This would have been such a difficult trip for poor Kitty Howard. After Parliament passed the Act of Attainder against her, officials came to get her at Syon Abbey to take her to the Tower. She became hysterical and had to be dragged to the waiting barge….which would take her past London Bridge and the rotting heads of Thomas Culpeper and Francis Dereham.
We have a description of the trip from Chapuys’ February 25 letter to Charles:
On the afternoon of the 10th, she was, with some resistance, conveyed by river to the Tower. The Lord Privy Seal, with a number of Privy Councillors and servants, went first in a great barge; then came the Queen with three or four men and as many ladies, in a small covered barge; then the Duke of Suffolk, in a great barge, with a company of his men. On their arrival at the Tower, the lords landed first; then the Queen, in black velvet, and they paid her as much honour as when she was reigning.
And then we have a description of her time in the Tower from Marillac’s February 13th letter to Francis:
Parliament has condemned this Queen and the lady of Rochefort to death. Her execution was expected this week, for last night she was brought from Syon to the Tower, but as she weeps, cries, and torments herself miserably, without ceasing, it is deferred for three or four days, to give her leisure to recover, and think of her conscience. As to the old Duchess of Norfolk, some say she shall die, others that she shall keep perpetual prison, like her son lord William and daughter the Countess of Bridgewater. A few days will show. All her goods are already confiscated, and are of marvellous value, 400,000 or 500,000 crowns, for ladies in this country succeed for life to the moveables of their deceased husbands. Norfolk is greatly interested, since the greater part came to her through his late father; yet the times are such that he dare not show that the affair touches him, but approves all that is done.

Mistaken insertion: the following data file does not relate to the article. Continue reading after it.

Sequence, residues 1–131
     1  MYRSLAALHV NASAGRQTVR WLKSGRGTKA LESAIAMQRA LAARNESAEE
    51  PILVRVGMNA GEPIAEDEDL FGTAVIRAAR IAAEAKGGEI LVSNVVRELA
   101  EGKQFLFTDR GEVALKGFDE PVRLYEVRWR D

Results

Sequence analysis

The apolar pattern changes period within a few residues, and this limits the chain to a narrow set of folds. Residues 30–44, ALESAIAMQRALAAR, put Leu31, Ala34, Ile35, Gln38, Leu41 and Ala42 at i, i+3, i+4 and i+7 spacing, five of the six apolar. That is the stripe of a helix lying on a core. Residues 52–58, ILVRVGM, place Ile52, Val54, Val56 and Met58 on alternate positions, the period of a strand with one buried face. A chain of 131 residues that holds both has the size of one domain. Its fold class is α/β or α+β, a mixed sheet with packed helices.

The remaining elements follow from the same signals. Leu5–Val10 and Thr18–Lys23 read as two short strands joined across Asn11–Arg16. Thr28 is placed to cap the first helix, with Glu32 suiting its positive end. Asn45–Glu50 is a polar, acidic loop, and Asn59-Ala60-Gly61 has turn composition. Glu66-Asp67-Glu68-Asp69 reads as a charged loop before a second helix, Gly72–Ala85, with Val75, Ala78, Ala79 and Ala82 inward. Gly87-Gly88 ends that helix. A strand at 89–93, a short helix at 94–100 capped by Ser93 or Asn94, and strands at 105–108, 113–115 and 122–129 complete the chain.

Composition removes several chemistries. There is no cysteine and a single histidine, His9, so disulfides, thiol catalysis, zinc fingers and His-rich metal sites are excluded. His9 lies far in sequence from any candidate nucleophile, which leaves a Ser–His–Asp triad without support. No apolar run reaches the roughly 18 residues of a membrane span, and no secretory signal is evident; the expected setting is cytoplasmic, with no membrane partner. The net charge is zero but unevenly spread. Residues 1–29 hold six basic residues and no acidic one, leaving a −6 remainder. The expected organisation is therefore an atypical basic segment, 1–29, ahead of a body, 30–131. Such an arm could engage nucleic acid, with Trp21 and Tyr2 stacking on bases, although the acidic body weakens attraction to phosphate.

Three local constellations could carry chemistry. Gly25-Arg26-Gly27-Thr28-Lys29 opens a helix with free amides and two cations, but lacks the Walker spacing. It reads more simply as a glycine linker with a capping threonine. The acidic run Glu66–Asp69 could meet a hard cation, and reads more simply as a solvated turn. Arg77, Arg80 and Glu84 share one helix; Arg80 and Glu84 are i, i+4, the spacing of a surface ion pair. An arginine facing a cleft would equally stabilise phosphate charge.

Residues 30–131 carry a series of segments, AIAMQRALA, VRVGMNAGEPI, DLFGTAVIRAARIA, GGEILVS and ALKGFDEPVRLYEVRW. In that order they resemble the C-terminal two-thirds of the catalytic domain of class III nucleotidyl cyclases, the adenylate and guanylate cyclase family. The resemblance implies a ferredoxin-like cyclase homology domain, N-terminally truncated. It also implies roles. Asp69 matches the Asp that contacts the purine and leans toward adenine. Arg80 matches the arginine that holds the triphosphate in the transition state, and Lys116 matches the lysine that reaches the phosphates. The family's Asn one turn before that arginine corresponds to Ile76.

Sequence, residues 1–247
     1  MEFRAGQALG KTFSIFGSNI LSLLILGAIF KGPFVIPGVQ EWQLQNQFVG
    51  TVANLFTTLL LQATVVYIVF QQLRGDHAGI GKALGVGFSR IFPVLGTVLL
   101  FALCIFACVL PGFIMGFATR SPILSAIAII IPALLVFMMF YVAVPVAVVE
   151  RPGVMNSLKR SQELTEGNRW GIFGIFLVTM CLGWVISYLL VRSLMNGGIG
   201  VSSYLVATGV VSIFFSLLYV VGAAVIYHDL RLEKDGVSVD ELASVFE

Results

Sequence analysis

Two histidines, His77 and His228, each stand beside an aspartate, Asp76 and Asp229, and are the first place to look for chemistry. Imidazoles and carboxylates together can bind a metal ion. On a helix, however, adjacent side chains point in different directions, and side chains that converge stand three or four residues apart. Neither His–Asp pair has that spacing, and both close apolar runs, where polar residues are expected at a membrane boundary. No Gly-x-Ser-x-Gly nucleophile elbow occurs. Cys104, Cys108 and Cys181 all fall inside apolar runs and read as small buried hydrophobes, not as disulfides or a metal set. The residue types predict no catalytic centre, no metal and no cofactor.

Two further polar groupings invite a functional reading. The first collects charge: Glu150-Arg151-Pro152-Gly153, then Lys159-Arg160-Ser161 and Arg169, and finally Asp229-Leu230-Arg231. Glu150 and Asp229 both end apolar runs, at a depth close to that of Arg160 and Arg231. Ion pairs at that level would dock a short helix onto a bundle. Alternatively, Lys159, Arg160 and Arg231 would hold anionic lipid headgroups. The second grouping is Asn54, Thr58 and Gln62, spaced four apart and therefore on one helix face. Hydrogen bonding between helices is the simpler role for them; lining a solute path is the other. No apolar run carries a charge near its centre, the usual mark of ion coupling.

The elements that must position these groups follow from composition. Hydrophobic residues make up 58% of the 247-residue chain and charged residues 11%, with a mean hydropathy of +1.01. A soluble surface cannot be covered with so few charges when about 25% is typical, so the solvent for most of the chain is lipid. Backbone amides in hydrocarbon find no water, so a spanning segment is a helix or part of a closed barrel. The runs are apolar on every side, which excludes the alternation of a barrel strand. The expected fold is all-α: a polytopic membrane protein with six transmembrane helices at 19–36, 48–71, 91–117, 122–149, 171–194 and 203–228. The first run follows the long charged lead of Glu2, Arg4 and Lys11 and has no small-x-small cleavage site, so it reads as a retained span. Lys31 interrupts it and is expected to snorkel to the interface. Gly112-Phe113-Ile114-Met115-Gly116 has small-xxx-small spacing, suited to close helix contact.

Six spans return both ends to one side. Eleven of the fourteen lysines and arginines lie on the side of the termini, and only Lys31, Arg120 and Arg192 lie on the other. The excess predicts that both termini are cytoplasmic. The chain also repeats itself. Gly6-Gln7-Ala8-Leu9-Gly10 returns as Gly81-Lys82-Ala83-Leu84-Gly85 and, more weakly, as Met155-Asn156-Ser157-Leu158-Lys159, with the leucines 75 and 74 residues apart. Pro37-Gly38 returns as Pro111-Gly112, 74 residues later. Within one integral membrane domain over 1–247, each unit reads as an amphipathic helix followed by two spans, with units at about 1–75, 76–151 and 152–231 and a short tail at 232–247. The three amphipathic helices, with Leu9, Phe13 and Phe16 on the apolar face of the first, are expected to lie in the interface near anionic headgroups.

P.S. After writing the above, was informed that to-day, Monday, 13th, the condemned ladies should be executed; and, indeed, about nine o’clock in the morning, this Queen first, and afterwards the lady of Rochefort, within the Tower, had their heads cut off with an axe, after the manner of the country. The Queen was so weak that she could hardly speak, but confessed in few words that she had merited a hundred deaths for so offending the King who had so graciously treated her. The lady of Rochefort said as much in a long discourse of several faults which she had committed in her life. It is not yet said who will be Queen; but the common voice is that this King will not be long without a wife, for the great desire he has to have further issue.
As for what all this did to Henry, I will leave you with Chapuys’ insightful analysis in his December 3 letter to Graneville:
This King has wonderfully felt the case of the Queen, his wife, and has certainly shown greater sorrow at her loss than at the faults, loss, or divorce of his preceding wives. It is like the case of the woman who cried more bitterly at the loss of her tenth husband than at the deaths of all the others together, though they had all been good men, but it was because she had never buried one of them before without being sure of the next; and as yet it does not seem that he has formed any new plan.
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